From Prince to Pig

Last week, Netflix decided to remove the “Add to DVD Queue” feature from streaming devices and announced it in a blog post by the director of product management.  What this means is that customers will no longer be able to add a DVD to their list of DVDs from any streaming device like an Android phone or iPhone.

What struck me about this announcement is not so much my opinion of the move, but rather by the unbelievable public outcry about utterly stupid it is for Netflix to do this.  After just one week, there are 4,825 comments to his blog – and counting!  I’d say that the product manager named Jamie Odell should start blogging at WordPress so he can be the next Freshly Pressed king of the week.

In all seriousness, this unprecedented response from Netflix’s customer base highlights fascinating implications to our increasingly transparent world.  And nowhere is this transparency more evident than in those companies that exist in a completely online universe.

For example, when is the last time you were annoyed at a restaurant and took the time to fill out the survey that comes with the bill?  Or how about stuffing a comment card into a “We Respect Your Opinion” bin at a retailer?  But when it comes to being annoyed by Netflix, or Amazon, or other online service providers,  the public is perfectly willing to throw tomatoes and really let those opinions fly for the whole world to see.  Some people feel so comfortable with their keyboards that they just get outright mean. I bet Eldenor in real life is actually some 65 year old grandmother of 6, but online she’s Mrs. Sarcastic:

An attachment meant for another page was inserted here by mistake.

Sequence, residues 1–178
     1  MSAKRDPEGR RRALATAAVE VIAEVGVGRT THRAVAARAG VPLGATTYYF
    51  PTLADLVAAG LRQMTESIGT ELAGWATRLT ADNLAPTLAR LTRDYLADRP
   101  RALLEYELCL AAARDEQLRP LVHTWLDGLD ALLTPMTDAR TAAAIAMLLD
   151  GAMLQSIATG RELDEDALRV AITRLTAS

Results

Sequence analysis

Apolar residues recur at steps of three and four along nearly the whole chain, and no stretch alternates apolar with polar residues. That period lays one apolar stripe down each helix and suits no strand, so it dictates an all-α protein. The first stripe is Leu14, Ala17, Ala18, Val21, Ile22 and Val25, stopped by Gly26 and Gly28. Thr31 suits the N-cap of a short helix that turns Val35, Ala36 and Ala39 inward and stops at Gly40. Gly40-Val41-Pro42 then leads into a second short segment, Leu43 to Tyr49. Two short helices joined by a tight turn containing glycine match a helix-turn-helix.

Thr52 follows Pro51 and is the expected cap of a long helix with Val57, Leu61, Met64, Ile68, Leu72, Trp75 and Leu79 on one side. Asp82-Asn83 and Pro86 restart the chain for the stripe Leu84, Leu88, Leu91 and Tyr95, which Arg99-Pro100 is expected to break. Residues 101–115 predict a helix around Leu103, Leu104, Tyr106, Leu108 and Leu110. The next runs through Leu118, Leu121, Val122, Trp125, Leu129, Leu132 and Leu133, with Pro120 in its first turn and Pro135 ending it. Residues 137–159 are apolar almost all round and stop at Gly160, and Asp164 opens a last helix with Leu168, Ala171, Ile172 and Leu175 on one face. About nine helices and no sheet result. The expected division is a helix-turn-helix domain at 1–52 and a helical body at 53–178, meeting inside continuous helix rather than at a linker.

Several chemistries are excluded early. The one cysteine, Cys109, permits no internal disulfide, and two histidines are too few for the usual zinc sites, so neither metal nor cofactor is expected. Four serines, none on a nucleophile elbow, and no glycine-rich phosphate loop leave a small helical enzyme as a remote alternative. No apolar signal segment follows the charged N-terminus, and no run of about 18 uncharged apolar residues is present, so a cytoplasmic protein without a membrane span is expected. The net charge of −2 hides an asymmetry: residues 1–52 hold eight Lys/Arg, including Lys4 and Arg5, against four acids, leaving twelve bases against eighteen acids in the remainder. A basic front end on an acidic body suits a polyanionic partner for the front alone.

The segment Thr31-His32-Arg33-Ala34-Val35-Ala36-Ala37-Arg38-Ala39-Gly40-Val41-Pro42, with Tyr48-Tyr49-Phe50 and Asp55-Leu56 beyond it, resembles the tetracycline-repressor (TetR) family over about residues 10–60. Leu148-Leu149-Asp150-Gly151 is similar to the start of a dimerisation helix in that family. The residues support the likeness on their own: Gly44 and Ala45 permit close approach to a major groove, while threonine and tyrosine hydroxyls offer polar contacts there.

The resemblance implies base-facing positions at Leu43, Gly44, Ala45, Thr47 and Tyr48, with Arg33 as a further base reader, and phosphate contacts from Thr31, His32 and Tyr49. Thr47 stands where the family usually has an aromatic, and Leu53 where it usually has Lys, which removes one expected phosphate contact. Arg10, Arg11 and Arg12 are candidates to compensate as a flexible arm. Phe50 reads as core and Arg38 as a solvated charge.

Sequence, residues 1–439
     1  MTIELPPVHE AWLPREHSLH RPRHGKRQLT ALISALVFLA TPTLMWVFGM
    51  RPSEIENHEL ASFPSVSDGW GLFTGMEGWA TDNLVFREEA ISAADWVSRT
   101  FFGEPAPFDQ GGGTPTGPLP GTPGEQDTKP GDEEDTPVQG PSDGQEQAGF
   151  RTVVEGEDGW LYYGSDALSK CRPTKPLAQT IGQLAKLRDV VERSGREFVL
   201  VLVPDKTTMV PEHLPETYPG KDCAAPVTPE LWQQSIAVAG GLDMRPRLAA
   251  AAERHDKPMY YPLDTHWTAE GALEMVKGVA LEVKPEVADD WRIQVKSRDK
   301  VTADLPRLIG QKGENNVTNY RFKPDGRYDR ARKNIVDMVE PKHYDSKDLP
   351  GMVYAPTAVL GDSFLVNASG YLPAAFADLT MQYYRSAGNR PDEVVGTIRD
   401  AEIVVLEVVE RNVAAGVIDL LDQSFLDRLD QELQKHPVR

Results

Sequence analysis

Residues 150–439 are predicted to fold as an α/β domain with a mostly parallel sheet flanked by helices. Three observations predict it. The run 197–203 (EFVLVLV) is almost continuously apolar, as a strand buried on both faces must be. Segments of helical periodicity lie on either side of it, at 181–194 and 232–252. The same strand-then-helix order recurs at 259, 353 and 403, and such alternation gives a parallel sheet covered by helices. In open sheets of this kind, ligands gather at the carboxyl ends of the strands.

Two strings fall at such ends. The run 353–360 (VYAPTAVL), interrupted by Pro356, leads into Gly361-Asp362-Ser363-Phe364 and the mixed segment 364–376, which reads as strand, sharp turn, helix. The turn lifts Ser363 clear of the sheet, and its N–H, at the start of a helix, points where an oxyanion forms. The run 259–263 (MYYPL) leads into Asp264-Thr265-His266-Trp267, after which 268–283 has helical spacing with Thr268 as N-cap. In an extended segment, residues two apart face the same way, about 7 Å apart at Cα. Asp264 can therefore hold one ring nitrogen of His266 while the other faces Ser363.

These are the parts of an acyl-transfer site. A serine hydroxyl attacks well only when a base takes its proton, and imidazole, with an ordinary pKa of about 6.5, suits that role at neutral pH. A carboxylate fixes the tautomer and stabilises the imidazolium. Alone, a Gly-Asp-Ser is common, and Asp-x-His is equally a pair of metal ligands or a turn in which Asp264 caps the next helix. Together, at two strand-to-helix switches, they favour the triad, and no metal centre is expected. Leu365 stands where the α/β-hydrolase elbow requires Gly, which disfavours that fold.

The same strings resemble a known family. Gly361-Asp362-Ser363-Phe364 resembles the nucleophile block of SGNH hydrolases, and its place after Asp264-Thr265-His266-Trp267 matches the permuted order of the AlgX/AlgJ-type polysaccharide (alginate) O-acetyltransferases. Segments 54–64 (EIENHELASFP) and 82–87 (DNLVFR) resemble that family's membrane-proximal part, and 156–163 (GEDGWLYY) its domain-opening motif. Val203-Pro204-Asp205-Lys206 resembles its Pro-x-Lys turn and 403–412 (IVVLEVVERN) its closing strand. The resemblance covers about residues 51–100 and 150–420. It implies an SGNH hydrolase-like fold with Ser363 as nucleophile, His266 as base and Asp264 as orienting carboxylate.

“ties up resources”. What a farce. What about the resources you wasted in programming that feature, and the resources you’re expending in removing it? Clearly Netflix wants to send less discs through the mail, and therefore wants to make it more difficult for the user to add to their queue in furtherance of that. Just say that, rather than trying to contort it and argue that its for the user’s benefit.

What this means to me is that online service providers cannot stumble too many times when they live in the cyber-bubble.  If they do trip and fall, they had better be prepared with an army of bloggers to accept responsibility for the decisions the company makes while showing respect for the impact on its customers.   Otherwise, the once loyal customers of yesterday can suddenly turn bitter and be out to destroy you the next.

So, for all those services out there looking to build an online following, be ready to accept responsibility for every move or stumble you have so that you can return to being a Prince.


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